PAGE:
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Having finished the wings I thought I would go more traditional and make a start on the interior.

First up I couldn't live with the rear bulkhead to the radio room, the side of the bulkhead that faces the rear fusalage has the ammo boxes for the ball turret mounted to it which is incorrect (they really sit above the turret and turn with it)

So the boxes had to go, even worse there are large hollows on the part resulting from the radios being mounted on the other side.

My solution was to remove all detail, skin the part with Tamiya PLA paper then replace the lost detail with evergreen strip.

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The radio room floor has a step at its forward end, placed to allow the wing spar to pass through, incorrect in real life (HK have fixed this on the newer releases)

I cut out the step saving a peice of the removed plastic to bridge the gap then added plastic strip for strength.

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The rubber matting was applied using Tamiya PLA paper and sprayed rubber black, the rest will eventually be woodgrained.

More soon

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In regard to the ball turret ammunition cans, the external cans mounted on the cradle above the turret were not a WWII fit - these are often found on war-bird B-17 restorations and are not typical of wartime ball turrets. The ammunition was all carried internally during the war - the ammo cans above were developed as part of the B-32 Dominator programme and were never used on WWII-era B-17s.

 

If anyone does come across as WWII-era photograph of the external ammunition cans fitted on a B-17 ball turret I'd love to see it! I've been researching the B-17 for many years and am yet to see such a photograph. Equally, if anyone has a photo of an internally painted B-17 I'd love to see that too - again I've not been able to find a single WWII-era photograph showing a painted interior of a Fort - the flight-deck aside. Rumour has it Douglas painted some of theirs but I'm yet to see photographic evidence.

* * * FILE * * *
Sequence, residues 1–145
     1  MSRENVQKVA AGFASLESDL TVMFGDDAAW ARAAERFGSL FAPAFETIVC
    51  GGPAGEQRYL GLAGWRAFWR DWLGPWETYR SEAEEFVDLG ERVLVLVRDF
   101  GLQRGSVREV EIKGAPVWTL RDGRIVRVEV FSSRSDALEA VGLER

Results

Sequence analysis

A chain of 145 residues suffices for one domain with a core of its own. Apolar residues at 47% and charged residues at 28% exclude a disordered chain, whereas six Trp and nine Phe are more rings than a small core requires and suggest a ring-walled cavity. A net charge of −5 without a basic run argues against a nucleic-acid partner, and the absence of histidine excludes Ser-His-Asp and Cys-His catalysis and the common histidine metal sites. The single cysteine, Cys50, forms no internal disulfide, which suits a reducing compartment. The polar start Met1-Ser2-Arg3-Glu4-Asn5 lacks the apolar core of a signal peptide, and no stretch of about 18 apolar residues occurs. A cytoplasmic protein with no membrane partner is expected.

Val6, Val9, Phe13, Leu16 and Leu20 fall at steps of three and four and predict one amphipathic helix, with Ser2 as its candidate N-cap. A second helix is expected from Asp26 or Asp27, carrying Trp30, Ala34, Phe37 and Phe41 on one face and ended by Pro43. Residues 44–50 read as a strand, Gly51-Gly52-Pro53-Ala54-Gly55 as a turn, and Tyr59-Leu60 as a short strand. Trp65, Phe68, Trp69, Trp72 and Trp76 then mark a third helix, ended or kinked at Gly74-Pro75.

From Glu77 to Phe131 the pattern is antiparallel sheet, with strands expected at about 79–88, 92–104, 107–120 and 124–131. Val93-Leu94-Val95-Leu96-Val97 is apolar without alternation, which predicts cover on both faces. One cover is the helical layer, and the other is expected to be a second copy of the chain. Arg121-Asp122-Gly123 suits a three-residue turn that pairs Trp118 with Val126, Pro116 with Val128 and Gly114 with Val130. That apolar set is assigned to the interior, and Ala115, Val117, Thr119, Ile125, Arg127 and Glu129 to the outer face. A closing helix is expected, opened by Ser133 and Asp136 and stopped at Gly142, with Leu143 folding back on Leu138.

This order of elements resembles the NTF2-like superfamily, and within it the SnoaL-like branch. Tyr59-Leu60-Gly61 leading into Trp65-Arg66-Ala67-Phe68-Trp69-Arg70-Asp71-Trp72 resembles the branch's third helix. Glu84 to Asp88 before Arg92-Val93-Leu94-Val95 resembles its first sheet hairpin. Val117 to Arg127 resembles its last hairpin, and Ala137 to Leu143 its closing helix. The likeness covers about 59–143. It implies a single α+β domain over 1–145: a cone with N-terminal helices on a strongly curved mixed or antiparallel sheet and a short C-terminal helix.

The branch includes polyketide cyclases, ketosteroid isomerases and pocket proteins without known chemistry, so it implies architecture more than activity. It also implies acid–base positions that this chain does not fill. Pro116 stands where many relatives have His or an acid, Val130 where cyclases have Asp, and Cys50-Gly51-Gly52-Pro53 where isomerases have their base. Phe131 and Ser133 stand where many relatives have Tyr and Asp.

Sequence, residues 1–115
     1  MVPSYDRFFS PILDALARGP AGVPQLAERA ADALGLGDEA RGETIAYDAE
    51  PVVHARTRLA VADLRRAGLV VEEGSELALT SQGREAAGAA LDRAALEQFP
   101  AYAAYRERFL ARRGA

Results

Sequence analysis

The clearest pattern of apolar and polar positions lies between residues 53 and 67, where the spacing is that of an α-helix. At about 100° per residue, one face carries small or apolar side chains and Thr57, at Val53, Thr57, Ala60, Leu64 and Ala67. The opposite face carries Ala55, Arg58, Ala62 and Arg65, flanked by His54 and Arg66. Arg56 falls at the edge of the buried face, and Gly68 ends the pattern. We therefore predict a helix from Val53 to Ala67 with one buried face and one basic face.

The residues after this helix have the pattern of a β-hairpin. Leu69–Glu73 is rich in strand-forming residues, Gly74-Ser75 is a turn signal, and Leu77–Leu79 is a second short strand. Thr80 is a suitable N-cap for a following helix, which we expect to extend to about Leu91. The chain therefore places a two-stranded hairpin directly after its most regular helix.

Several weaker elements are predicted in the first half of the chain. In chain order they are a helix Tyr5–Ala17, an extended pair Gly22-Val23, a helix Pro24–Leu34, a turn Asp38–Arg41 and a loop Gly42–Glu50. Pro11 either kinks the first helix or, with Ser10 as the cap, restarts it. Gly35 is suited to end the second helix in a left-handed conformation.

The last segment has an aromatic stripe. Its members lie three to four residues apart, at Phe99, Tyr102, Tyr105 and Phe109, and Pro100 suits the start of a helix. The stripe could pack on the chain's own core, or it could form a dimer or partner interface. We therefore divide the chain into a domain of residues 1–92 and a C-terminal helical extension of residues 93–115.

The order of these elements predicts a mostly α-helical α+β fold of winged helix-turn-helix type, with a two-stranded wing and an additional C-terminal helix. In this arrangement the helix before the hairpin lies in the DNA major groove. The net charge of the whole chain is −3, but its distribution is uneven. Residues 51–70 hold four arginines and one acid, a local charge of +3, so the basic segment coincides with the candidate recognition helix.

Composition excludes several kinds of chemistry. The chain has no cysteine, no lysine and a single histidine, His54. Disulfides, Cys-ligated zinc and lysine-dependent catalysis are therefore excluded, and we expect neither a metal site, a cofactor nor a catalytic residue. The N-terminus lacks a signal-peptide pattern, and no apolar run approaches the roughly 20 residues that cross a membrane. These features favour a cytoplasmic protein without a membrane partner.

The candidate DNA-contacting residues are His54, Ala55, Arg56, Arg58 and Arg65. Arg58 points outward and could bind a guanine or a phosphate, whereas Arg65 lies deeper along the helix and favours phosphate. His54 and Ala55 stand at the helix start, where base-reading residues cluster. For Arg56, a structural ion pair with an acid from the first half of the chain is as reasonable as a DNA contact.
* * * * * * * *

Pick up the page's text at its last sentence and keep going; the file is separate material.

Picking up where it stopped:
Tom

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48 minutes ago, tomprobert said:

In regard to the ball turret ammunition cans, the external cans mounted on the cradle above the turret were not a WWII fit - these are often found on war-bird B-17 restorations and are not typical of wartime ball turrets. The ammunition was all carried internally during the war - the ammo cans above were developed as part of the B-32 Dominator programme and were never used on WWII-era B-17s.

 

If anyone does come across as WWII-era photograph of the external ammunition cans fitted on a B-17 ball turret I'd love to see it! I've been researching the B-17 for many years and am yet to see such a photograph. Equally, if anyone has a photo of an internally painted B-17 I'd love to see that too - again I've not been able to find a single WWII-era photograph showing a painted interior of a Fort - the flight-deck aside. Rumour has it Douglas painted some of theirs but I'm yet to see photographic evidence.

 

Tom

Cheers Tom!!

Saved me some scratchbuilding there!.

I completely agree with you re the internal colours (or lack thereof!!) Some great builds are let down by incorrectly painting the insides.

Cheers

Brent

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More progress.

I went ahead and completed most of the woodgraining. my method for this is to airbrush a coat of MRP clear doped linen over the parts to recieve the treatment, any tan colour will do but  the shade chosen will effect the final result, I was going for a light ply effect so chose the CDL.

Next stage is to slap on a coat of raw umber oil paint, lay it on and make sure all of the underlying colour is covered.

Now take your significat others large make up brush and stroking with the intended direction of the grain remove most of the oil paint.

allow to dry thoroughly!

Here is the result.

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Here are the radio room and front section floors, the front floor was scribed to reflect the wood panels and demarcation between the wood and aluminium areas.

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The cockpit with eduard enhancements and Master control columns

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Cockpit side walls, The OD sections were coated with Mr Surfacer to represent the padding used in this area, I uset kabuki tape to represent the straps around the oxygen bottles rather than the Eduard items as this method was far easier and the area will be difficult to see once the fusalage is buttoned up

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Seats with HGW cushions and belts, these are worthwile as they can be easily seen and make a huge difference to the kit supplied items.

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Eduards panel, Eduards colour panels look much nicer if you spray a coat of flat clear over them then pick out the dials with clear, this removes the pixalation sometimes evident in these sets.

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The other side, enhanced by Eduard.

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All together

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I am moving house next week so next post might be a while, see yuo then, thanks for following!

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